It’s blindingly obvious by now, no doubt, which half I responded to most enthusiastically: but as an exercise in compare-and-contrast it was a real education. Bury Court is a wedding venue (wish I’d known about it when I was getting hitched) though I think you can arrange to see the gardens by appointment. There are a few more photos on the website: but if you can possibly wangle a visit, do go and see it for yourself.
Ooh lovely. It's interesting to see a Christopher Bradley-Hole garden that's not a Chelsea show garden and see the influences and inspiration coming through into a 365 day garden.I was smitten by that same Eryngium when I found it at Hanham Court garden last week.I went to London yesterday and at last put a name to a garden I saw when I sang for water last September. I took loads of photos at the time as it was on our way through to where we were singing. I thought to myself 'very Piet Oudolf', only to find out yesterday the garden's called Potter's Field and it is indeed a Piet Oudolf design 🙂
PS Sadly Hanham Court garden doesn't do labels either. It's also one of the gardens visited by Miss Wilmott, so you can guess another of the Eryngiums which featured strongly.
The Constant Gardener said:
ooh I love the story of Miss Wilmott's ghost. One day I'm going to breed a plant which sets copious seed specifically so that I can do the same thing and drop a few behind me whenever I visit.Haven't heard of Hanham Court – have heard of Potters Field (though haven't visited). If Hanham has one of those eryngiums it's going on the list 😀
Hanham Court's open for the first time this year, though it's been open under the NGS scheme previously. The owners are well-known garden designers (though I've forgotten their names!) and the garden was featured in Gardens Illustrated last month. It's only a few miles from me! I'll be writing about it soooooon :)I was a naughty girl there – I 'rescued' a couple of sweet pea pods in the name of ensuring repeat flowering of what remained!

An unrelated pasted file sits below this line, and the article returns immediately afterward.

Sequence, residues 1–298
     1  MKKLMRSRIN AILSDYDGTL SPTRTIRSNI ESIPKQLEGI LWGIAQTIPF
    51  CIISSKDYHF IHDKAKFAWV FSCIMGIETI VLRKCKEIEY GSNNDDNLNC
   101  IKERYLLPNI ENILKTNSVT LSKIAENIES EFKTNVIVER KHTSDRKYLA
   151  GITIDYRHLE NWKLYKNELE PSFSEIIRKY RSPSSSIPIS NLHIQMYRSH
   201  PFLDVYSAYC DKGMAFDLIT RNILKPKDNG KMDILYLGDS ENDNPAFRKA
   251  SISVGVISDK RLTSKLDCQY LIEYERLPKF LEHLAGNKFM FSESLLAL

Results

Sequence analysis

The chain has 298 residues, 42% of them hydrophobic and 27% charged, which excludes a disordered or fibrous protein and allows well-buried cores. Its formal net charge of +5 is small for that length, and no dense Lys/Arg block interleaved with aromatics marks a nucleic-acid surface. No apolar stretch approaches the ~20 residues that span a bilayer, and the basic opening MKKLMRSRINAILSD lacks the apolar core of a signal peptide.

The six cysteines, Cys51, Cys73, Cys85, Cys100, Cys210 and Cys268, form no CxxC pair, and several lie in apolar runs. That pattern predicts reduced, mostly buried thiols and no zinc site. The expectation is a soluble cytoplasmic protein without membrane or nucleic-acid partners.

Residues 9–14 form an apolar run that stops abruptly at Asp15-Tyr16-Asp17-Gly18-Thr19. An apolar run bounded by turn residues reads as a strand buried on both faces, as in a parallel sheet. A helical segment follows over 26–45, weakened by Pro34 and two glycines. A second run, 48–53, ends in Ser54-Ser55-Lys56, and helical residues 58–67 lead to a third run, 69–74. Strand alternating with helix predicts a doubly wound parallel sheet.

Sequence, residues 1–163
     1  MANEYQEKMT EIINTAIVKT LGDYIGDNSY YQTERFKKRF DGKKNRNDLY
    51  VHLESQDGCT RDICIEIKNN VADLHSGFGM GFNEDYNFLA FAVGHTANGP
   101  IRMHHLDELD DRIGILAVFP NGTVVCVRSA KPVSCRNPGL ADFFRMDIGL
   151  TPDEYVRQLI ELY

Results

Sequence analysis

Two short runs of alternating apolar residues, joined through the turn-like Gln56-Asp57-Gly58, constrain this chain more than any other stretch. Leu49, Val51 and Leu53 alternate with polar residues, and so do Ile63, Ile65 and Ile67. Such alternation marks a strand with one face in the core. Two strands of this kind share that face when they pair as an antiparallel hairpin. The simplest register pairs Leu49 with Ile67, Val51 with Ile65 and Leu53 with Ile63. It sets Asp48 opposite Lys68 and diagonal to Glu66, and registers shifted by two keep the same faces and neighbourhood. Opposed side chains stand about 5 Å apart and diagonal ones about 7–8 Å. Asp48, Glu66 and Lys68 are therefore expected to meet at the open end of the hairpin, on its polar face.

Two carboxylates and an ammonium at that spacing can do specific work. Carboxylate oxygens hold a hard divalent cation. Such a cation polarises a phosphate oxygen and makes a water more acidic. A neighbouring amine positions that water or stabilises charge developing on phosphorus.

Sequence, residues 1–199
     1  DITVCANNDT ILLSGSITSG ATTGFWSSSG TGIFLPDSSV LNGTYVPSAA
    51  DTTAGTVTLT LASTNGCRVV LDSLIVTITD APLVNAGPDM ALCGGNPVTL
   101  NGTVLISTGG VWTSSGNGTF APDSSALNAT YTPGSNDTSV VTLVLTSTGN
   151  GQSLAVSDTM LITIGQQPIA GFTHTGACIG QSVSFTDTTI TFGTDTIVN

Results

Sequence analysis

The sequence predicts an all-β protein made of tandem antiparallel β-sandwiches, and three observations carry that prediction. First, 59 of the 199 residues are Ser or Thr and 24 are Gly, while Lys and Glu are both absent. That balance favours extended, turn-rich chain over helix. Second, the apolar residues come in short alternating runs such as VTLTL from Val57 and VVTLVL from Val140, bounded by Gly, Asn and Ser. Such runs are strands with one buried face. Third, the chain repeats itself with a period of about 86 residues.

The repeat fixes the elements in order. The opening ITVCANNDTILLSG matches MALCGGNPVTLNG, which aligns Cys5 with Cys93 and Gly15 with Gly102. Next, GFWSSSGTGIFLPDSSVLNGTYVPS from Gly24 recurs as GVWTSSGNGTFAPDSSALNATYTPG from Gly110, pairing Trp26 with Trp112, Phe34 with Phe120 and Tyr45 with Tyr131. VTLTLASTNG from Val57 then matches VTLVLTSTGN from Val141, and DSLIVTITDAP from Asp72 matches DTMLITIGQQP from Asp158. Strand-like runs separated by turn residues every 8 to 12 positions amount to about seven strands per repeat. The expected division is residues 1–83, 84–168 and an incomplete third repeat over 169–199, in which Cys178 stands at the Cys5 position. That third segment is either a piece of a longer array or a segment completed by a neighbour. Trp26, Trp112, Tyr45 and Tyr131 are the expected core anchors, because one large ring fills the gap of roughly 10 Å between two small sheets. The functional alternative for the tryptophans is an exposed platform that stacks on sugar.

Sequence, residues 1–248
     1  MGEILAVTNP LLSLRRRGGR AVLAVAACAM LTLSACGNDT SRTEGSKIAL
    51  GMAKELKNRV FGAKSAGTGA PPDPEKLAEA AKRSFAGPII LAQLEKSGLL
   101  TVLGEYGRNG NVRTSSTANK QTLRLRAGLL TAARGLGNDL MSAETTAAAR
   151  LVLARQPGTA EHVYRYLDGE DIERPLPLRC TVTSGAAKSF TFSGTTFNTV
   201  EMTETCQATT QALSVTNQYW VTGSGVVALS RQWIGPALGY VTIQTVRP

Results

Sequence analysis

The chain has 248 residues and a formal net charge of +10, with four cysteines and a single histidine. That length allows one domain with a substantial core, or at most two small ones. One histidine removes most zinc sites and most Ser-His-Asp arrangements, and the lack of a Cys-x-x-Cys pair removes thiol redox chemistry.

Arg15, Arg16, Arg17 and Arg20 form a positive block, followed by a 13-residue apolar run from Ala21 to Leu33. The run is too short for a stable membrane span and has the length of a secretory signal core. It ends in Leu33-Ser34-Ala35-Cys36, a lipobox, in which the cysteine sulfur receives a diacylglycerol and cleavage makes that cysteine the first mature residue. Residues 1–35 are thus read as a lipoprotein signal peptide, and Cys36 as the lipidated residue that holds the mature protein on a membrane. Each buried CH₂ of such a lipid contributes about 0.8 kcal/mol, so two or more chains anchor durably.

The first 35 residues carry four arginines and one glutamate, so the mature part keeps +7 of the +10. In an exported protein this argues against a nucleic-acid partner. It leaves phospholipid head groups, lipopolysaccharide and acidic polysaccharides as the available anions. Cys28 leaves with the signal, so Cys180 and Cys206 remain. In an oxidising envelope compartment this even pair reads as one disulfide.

Potter's Field's worth a visit too – I'll be featuring it as part of my public planting strand. Shame the 100 Open Spaces initiative got shelved when Boris took over from Ken.
Me again! I was telling my friends the story of Miss Wilmott's ghost the other day. I described her as the original guerilla gardener!That's it for now – byeee!
Bay Area Tendrils Garden Travel said:
This was lovely to see and read, as I visited Bury Court when it was newly planted and built. I've often wondered how it would look as it matured. I'd so love to visit again, but doubt that will ever happen. This is surely the next best thing. Have never had luck with eryngiums; Miss Wilmott's Ghost or any I've tried. Your photo is heart-stopping, eye-catching, fill-in-the-superlative. Cheers, Alice
Barbara E said:
I love the textures. Thanks for sharing. The garden is now on my must visit list!
Plant Mad Nige said:
I love Piet Oudolf's faux savannah style planting and with good, hard backdrops, it works like a dream. Must go and see Bury Court, and soon!But that Wilmott woman? What a nerve she had! I love people to see my garden, and enjoy the ribbing and criticisms many of them so freely provide. But it's MY garden, MINE and MINE ALONE – and WOE BETIDE anyone who has the damned nerve to drop alien seeds into MY PATCH. I love that big Eryngium and grow it. But I do not want anyone else taking liberties with my planting. Ellen Wilmott was a garden imperialist and somewhat of an overprivileged thug.Gosh, I feel much better after that rant! Heavenly pictures, by the way.
The Constant Gardener said:
ah Nigel – where's your sense of romance? maybe she just wanted to be nice to people ;Dnote to self: empty pockets beforehand if I ever go to Nigel's house…